Ladakh News

Life of a student in Delhi

By Sahil Hamza, Stawa 03-20


Life of a student in Delhi

Kargil district is located in the youngest Union Territory in the country. The district is dominated by mountains covered by snow for more than six months each year. Ladakh as a whole and Kargil is one part of it remains disconnected from the rest of the world for almost six to eight months each year due to heavy snowfall on the mountain passes. Kargil has a complex and multi-ethnic culture. Interestingly, most people outside Kargil, associate this district primarily with the 1999 Kargil War.

It seems to be a daring act to leave this frontier region during one's childhood in order to pursue one's dreams in the capital city. It is said that nothing worthwhile is ever achieved without some sacrifice and true greatness only comes to those willing to pursue it. I am thankful to my parents who are always available and accessible for me even when they are in Kargil and I am in New Delhi. They patiently listen to my grievances be it about my academics, co-curricular activities, or life in general.

I am just entering my teenage years. It has been very hard for me to leave my parents and my hometown for an unknown period from such a young age. I don't even know if my departure is for a limited period only or if it is permanent. I have many emotions attached with my grandparents, close friends, skiing in the winters, fishing in the summers, trekking in the mountains, enjoying cultural activities and many other memories.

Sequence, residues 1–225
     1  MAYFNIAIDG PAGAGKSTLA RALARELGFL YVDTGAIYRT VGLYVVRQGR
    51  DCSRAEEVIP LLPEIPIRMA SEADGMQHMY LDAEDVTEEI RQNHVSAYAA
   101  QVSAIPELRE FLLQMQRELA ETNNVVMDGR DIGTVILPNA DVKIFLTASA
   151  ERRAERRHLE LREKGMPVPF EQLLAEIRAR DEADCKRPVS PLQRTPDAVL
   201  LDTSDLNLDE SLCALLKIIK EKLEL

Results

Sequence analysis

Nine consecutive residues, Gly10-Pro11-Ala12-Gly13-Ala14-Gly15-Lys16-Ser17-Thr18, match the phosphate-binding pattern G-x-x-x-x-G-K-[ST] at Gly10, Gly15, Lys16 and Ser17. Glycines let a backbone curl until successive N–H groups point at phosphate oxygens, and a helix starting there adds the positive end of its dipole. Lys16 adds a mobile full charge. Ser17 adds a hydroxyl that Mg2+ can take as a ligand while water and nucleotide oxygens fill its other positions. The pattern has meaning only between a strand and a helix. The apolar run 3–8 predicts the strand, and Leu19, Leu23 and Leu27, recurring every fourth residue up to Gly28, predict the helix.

At the same time I feel lucky to be in Delhi, and the feeling of being a Delhiite. There is a famous proverb that argues that winners don't do different things, they do things differently. This is one thing that every person learns in Delhi sooner or later. Being on my own makes me feel independent. I no longer feel like ma-ka-ladla (mother's pet) and baap-ka-sher (father's lion).

My mantra is to create my own world and to be the star of my own life. In Delhi, I go from home to school and return according to my daily schedule. When my parents return to Kargil, I do everything on my own from preparing breakfast and packing my lunch to washing and ironing my clothes and school uniforms, to cleaning the room and arranging my books on shelves. Each of these tasks would have been done by my parents when I was living in Kargil or when my parents are here in Delhi.

All of this gives me a sense of pride, confidence and self-belief. I am a self-taught cook and still struggle with deciding what I should cook and eat for dinner but I am working my way through these challenges too. Life is all about our experience. In my opinion doing everything by oneself does make you an independent person. Life is completely different now. I have gone from those freezing cold nights in Kargil to the hot summer nights in Delhi. Similarly, I have gone from month-long internet disconnection to high speed phone internet in Delhi. There are a lot of things I miss about Kargil even today but I try and focus on the new experiences I have on a daily basis.